Discover Sociology

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Sociology is a discipline of curious minds. What key social forces construct and transform our lives as individuals and as members of society? How does our social world shape us? How do we shape our world?

Join Bill Chambliss and Daina S. Eglitis as they journey beyond the classroom to help students answer these questions with their groundbreaking new text, Discover Sociology. Chambliss and Eglitis inspire curiosity about the social world and empower students by providing the theoretical, conceptual, and empirical tools they need to understand, analyze, and even change the world in which they live. Every chapter in the book integrates robust pedagogical features and empirical research that illuminate the social roots of diverse phenomena and institutions, ranging from poverty and deviance to capitalism and the nuclear family. From exploring whether the use of “study drugs” should be considered cheating to an examination of research showing a correlation between rising student debt and declining rates of marriage, the book’s chapter openers engage students in real-life applications of sociology. Going beyond theory and concepts, the authors also help answer the question, “What can I do with a sociology degree?”

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Editorial Reviews

Kim Mac Innis
“I loved the writing and comprehensive information on each topic. The essays are interesting and relate to current events . . . [T]he global and feminist themes are very important. Most texts don’t use them in the way the authors did (interlocking factors).”
Denise Copelton
“What I like about this book is the engaging writing style and clear integration of meaningful and lively examples throughout. . . The integration of detailed examples would give students a lot to discuss in class and offers a clear map of how to apply the ideas in the text to the real and complex social worlds that contemporary students inhabit. The overall length is not overwhelming and should permit instructors to cover most chapters.”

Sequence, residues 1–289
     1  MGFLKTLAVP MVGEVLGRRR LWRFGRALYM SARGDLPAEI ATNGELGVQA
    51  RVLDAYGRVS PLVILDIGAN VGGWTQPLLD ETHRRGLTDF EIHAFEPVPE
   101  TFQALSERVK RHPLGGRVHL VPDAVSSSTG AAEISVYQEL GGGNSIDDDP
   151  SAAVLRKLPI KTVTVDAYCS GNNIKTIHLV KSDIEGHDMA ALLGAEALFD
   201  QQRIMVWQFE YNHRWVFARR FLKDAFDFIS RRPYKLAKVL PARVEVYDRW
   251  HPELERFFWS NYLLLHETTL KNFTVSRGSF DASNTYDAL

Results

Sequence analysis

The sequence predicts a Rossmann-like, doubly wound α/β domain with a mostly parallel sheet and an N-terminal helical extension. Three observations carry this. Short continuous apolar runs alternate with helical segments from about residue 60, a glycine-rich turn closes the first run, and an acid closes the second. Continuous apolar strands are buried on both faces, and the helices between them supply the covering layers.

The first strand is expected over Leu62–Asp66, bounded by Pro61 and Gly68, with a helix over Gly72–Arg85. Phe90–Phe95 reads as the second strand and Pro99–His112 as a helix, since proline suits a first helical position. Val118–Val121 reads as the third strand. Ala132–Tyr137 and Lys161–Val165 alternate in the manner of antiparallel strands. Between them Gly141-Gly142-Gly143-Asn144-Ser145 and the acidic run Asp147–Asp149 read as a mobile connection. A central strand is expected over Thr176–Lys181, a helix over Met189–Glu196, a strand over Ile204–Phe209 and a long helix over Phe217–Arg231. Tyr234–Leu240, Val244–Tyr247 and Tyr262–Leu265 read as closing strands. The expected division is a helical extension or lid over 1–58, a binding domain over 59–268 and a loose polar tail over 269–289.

S. Michael Gaddis
“Discover Sociology invites students to do just that in a way that connects academic concepts with students’ real world experiences. Introductory sociology students often have basic questions about society that other textbooks fail to recognize, but the material in Discover Sociology addresses these issues in an easy to understand manner. One of this text’s strongest features is that it encourages students to think critically about the social world.”
Dionne Mathis Banks
“I really like the easy-to-read writing, the current examples, the commitment to helping the reader think sociologically, and the extensive examples.”
Klaus Heyer
“. . . I like the idea of “thinking sociologically” . . . the idea that sociology is not merely common sense is illustrated well in this book and is one of its principal strengths, and something that sets it aside from other introductory texts.”
Kim MacInnis

“I loved the writing and comprehensive information on each topic. The essays are interesting and relate to current events . . . [T]he global and feminist themes are very important. Most texts don’t use them in the way the authors did (interlocking factors).”

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Product Details

  • ISBN-13: 9781412996204
  • Publisher: SAGE Publications
  • Publication date: 7/30/2013
  • Pages: 471
  • Sales rank: 176,646
  • Product dimensions: 9.00 (w) x 10.80 (h) x 1.10 (d)

Meet the Author

William J. Chambliss, professor of sociology at The George Washington University, is a critical sociological theorist whose research has ranged broadly from studies of law creation and the legal system to participant observation studies of juvenile gangs, organized crime, policing, and the impact of social movements on political and economic change. He has served as president of the American Society of Criminology and the Society for the Study of Social Problems. He has received numerous awards for his research and teaching, including the prestigious Edwin H. Sutherland Award from the American Society of Criminology, the Lifetime Achievement Award from the American Sociological Association, the Bruce Smith Lifetime Achievement Award from the Academy of Criminal Justice Sciences, the PASS Award from the National Council on Crime and Delinquency, and the Lifetime Achievement Award from the Sociology of Law Section of the American Sociological Association. He has authored and edited over 35 books in sociology, criminology and criminal justice and numerous articles in social science journals.